I personally believe that pets are an important part of a childhood experience. It’s quite a luxury in Uganda though. We have a German Shepherd, Samson, and he’s an amazing animal. He bows down to me and receives the attention like a small puppy. But he’s a trained guard dog and he doesn’t like the little children teasing him with the way they run and dart with fear. He spends his days in his house/cage and his nights on the property guarding. Sometimes he is on a tether and enjoys rolling in the grass. The cat, Pretty, is an affectionate and sweet thing. She is always with the children. She makes the home hers first as any good cat would do and she allows everyone else to live with her. She’s allowed to stay according to Auntie Julie because she keeps the mice out of her kitchen. We used to keep chickens at the house but during the last trip I was here I had enough of them making a terrible mess, smelling up the property and drawing flies. I banished them to the land. It was a great pleasure to arrive and smell fresh air, keep a clean compound and not find chickens in the house. The former chicken house was converted to a rabbit hutch.
Daniel’s friend at school gave him a pet rabbit and the children loved it so much showing everyone on skype how cute it was and they played with it often. But they failed to protect it from Samson who beheaded it as soon as he was free. I wrote a letter about predators and prey living together. I warned they are responsible for making the prey safe and if they could do that they could get another rabbit. So they got a boy and girl rabbit and named them “Donny and Kelli”. They did what all rabbits do so the children found eight pink wrinkly bunnies a few weeks ago. Now we have seven white tiny bunnies who are happy to be held and stroked. The children go find food in the fields for the rabbits. They hold the mama down twice a day so the babies can nurse because she’s not a good mama. The kids frequently fetch a baby and play. (me too)
They all talk about what good eating these babies will be. What a horror for me. Animals here keep their place in the kingdom. They are to be enjoyed but they ultimately have jobs to hunt, protect, or feed. Not at all like my cats who are fed in glass bowls at the exact same times each day. One of our goats was in labor yesterday. The kid was too big to deliver and by the time the vet arrived to help the kid had died within the mother. Guess who got a gourmet meal of fresh kid? Samson.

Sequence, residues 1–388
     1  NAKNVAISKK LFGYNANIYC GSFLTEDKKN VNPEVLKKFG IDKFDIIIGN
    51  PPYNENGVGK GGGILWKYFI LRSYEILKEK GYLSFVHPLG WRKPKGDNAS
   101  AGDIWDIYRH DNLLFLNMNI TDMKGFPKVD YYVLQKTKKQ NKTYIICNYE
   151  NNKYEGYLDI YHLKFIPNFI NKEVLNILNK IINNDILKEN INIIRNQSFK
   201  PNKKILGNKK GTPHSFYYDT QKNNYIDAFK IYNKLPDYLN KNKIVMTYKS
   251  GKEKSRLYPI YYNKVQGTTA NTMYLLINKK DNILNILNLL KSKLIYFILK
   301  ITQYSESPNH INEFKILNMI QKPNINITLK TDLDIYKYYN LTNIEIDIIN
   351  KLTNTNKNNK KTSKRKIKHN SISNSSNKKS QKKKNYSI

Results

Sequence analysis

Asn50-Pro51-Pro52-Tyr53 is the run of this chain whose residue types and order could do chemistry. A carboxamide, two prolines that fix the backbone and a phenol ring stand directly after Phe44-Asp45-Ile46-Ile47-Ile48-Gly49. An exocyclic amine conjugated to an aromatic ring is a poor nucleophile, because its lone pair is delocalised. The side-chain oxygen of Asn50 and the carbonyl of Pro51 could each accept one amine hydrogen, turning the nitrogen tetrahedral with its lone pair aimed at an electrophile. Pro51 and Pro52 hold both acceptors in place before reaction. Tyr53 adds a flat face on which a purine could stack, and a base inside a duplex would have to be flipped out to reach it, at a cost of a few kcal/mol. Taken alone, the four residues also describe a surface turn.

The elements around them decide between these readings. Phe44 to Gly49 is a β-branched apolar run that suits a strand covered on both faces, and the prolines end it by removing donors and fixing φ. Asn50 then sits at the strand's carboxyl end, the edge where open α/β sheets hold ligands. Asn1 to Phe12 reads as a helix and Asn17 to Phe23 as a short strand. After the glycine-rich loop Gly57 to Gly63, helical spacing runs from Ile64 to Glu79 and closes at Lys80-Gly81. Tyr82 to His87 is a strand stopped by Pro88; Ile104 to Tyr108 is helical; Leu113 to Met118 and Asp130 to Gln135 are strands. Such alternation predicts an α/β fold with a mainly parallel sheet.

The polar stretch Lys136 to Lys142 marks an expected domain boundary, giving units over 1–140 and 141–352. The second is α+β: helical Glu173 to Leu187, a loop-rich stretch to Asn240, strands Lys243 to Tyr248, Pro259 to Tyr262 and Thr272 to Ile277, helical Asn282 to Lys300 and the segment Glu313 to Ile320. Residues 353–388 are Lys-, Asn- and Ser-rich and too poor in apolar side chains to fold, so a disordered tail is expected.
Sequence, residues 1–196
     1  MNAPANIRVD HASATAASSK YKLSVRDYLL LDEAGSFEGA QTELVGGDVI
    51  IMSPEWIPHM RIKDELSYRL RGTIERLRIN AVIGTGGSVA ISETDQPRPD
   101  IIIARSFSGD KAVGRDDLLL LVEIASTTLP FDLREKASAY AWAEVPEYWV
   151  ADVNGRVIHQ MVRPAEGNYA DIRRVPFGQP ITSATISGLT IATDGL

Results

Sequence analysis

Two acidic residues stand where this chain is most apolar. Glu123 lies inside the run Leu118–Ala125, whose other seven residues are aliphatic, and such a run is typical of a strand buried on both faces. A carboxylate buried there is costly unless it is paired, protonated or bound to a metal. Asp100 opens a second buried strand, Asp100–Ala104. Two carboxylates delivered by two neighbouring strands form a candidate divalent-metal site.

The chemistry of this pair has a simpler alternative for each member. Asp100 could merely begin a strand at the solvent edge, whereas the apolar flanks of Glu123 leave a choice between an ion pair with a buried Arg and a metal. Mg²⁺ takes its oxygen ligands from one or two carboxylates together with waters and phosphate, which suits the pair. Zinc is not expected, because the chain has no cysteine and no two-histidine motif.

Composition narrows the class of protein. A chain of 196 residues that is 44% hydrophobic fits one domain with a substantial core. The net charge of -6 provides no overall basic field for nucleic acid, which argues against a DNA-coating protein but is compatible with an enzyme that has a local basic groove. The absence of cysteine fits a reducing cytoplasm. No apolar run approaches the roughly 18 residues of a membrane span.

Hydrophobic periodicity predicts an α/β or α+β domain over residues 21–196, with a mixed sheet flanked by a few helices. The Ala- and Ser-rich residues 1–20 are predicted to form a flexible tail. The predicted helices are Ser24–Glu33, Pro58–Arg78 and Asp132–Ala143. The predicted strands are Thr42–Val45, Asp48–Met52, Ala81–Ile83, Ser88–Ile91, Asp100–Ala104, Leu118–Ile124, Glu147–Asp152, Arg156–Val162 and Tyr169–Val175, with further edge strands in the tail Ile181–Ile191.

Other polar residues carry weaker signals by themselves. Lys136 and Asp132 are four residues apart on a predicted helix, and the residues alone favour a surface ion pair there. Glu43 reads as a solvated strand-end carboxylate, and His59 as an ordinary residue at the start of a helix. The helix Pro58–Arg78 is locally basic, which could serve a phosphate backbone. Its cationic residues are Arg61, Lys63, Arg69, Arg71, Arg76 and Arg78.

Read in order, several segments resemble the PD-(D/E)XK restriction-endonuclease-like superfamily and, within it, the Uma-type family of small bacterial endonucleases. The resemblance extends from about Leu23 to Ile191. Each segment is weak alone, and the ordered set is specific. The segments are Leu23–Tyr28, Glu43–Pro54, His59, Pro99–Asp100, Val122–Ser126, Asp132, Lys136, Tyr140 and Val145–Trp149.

Life here is raw, basic, real. The tension between life and death is tangible at all times. Even as we fear Ebola reaching this region the people act as if it just happens and people die. In America we have so many precautions and preventions we aren’t accustomed or surrendered to inevitability of death. We don’t suffer well either. But here suffering is just a matter of degrees and everyone takes it on like a backpack.
I find my heart has dulled to the shock and pain of life here. I know I can’t go to church because I’ll be found there by my enemies. I know I’ll never be independent here and drive myself because it is not safe. The girls could be raped in an instant if they were ever to be found walking alone outside our compound. A small child can have more sexual experience than a forty-year-old man. Thieves roam at night with machetes. Mob justice is a practice where a criminal is burned on the spot at the scene of the crime. My mentor could and would steal all I’ve got while smiling in my presence and giving me advice. A sage man of God will keep a second local wife and raise children with her as if that’s natural. Pastors can be thieves. A private life rarely reflects the public one.
Sometimes I conclude that knowledge rarely makes it into the fingers and practices of the people. These truths used to make me feel distraught and befuddled for days as I grappled with how can it be?! But now I am resigned. I sigh a lot when I am here. I somehow hold a middle ground where I am not too low or too high but able to put one foot in front of the other and cope. I’d be absolutely lost without the promises of God. He is sovereign. He has a plan for every person. He loves these children more than we do. He will guide us through this. I don’t have to understand it to find the way forward. He’ll give me what I need to know just for today and the problem at hand. Jesus is enough. My faith in Him is enough. And the hope for the future of these children as we get deep into their dirty business and grapple with turning truths into habits is enough motivation to keep me undaunted.